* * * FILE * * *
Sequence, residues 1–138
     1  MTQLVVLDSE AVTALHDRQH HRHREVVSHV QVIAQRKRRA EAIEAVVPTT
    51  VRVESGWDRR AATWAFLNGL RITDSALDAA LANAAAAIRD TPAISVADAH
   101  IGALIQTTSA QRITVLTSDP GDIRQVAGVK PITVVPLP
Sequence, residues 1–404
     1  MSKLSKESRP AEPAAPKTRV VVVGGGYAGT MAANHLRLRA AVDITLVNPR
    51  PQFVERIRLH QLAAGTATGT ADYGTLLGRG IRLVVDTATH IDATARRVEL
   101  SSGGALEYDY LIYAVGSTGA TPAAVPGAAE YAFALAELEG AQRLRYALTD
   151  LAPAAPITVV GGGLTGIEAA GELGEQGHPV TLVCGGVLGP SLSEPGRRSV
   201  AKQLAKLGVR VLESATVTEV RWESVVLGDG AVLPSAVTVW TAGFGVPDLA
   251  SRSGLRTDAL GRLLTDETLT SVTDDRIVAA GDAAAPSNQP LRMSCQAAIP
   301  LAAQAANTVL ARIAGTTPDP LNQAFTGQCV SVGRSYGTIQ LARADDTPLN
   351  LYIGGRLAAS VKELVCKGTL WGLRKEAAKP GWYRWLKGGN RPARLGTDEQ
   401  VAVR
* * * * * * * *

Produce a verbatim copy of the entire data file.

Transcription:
Sequence, residues 1–138
     1  MTQLVVLDSE AVTALHDRQH HRHREVVSHV QVIAQRKRRA EAIEAVVPTT
    51  VRVESGWDRR AATWAFLNGL RITDSALDAA LANAAAAIRD TPAISVADAH
   101  IGALIQTTSA QRITVLTSDP GDIRQVAGVK PITVVPLP
Sequence, residues 1–404
     1  MSKLSKESRP AEPAAPKTRV VVVGGGYAGT MAANHLRLRA AVDITLVNPR
    51  PQFVERIRLH QLAAGTATGT ADYGTLLGRG IRLVVDTATH IDATARRVEL
   101  SSGGALEYDY LIYAVGSTGA TPAAVPGAAE YAFALAELEG AQRLRYALTD
   151  LAPAAPITVV GGGLTGIEAA GELGEQGHPV TLVCGGVLGP SLSEPGRRSV
   201  AKQLAKLGVR VLESATVTEV RWESVVLGDG AVLPSAVTVW TAGFGVPDLA
   251  SRSGLRTDAL GRLLTDETLT SVTDDRIVAA GDAAAPSNQP LRMSCQAAIP
   301  LAAQAANTVL ARIAGTTPDP LNQAFTGQCV SVGRSYGTIQ LARADDTPLN
   351  LYIGGRLAAS VKELVCKGTL WGLRKEAAKP GWYRWLKGGN RPARLGTDEQ
   401  VAVR